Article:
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writing some wrongs
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What do you say to an 11 year old who says "OK, I know what I'm doing," everytime you want to teach or show her something?

She's been like this her whole life...I knew I couldn't homeschool because she wouldn't let me teach her anything, not even how to tie her shoes.

She "already knew how."

Trouble is, Miss Know It All then proceeds to totally screw up whatever she "already knows how to do" or else comes to ask me 5 minutes later how to do it -- usually when I'm heavily involved with something else.

Seriously. I'm a busy woman. If I could just show her how to do something and then let her do it, and go on to my next task, life would be sublime. But oh no, she has to make me leave then call me back. Then she only lets me halfway show her 'cause THEN she's "got it" but she doesn't really "got it", get it? So I have to come back again and show her again how to do it...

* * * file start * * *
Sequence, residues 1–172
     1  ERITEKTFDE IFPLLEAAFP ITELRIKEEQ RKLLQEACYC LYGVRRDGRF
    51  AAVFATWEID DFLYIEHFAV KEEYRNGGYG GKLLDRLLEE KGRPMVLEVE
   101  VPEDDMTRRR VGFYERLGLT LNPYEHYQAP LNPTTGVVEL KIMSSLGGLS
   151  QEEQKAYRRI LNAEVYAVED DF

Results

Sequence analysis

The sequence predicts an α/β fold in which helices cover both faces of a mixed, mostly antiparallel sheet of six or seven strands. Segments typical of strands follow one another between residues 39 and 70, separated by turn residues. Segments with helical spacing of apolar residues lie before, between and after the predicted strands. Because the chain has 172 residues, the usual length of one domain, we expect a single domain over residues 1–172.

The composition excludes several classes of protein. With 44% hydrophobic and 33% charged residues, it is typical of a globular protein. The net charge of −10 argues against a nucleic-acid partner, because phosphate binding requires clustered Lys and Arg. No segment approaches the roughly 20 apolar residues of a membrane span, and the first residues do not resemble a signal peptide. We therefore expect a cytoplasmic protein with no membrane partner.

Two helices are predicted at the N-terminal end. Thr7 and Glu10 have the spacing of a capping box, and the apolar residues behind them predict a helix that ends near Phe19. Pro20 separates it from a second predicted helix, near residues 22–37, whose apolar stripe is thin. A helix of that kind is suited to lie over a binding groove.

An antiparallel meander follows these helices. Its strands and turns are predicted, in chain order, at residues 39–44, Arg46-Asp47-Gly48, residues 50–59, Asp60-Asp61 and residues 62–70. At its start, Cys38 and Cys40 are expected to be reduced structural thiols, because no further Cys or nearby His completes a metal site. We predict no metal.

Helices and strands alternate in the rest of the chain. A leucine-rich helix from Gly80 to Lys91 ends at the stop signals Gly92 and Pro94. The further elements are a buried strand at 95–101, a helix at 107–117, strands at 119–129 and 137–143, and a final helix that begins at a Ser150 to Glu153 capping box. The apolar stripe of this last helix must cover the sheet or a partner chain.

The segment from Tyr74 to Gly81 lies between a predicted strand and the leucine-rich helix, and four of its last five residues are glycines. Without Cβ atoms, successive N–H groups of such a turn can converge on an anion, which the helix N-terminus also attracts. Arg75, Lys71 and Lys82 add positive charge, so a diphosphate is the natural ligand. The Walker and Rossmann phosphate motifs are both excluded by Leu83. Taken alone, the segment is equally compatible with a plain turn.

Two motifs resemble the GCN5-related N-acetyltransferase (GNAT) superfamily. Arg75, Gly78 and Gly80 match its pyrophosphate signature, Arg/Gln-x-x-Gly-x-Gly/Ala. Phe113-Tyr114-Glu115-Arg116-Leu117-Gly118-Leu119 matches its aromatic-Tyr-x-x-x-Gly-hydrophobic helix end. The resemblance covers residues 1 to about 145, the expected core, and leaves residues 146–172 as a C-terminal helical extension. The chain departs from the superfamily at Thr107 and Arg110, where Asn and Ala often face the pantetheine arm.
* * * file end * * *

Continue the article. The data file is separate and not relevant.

Either that or I have to just take over and do it for her because she can't do anything without tons of constant help. It doesn't make sense that she behaves both ways, but she does. It's because she already knows everything that she won't actually listen to instructions or guidance, therefore she cannot actually learn how to do anything, therefore she gets frustrated and decides she can't do it. :flame:

I might add this girl does not have any kind of learning disability beyond being really, really stubborn. Teachers in school seem to do the job just fine.

This kid is driving me crazy.
 

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Next time she says she knows how to do it, ask her to show you. Same with when you teach her how.

As soon as she says "I know what I'm doing!", immediately ask her to prove it to you by showing you what she knows or telling you step-by-step what comes next. Then, once she has actually done that, tell her "I assume you won't be asking my help since you know what you are doing. Right?"